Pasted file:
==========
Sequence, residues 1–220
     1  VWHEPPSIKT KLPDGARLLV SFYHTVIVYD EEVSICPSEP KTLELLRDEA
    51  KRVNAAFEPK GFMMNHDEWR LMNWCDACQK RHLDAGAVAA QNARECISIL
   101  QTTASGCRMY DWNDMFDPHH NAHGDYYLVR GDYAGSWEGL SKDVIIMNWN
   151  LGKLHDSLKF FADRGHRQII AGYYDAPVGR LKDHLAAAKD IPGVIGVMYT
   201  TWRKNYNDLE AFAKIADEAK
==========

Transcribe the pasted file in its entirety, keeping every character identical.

Sequence, residues 1–220
     1  VWHEPPSIKT KLPDGARLLV SFYHTVIVYD EEVSICPSEP KTLELLRDEA
    51  KRVNAAFEPK GFMMNHDEWR LMNWCDACQK RHLDAGAVAA QNARECISIL
   101  QTTASGCRMY DWNDMFDPHH NAHGDYYLVR GDYAGSWEGL SKDVIIMNWN
   151  LGKLHDSLKF FADRGHRQII AGYYDAPVGR LKDHLAAAKD IPGVIGVMYT
   201  TWRKNYNDLE AFAKIADEAK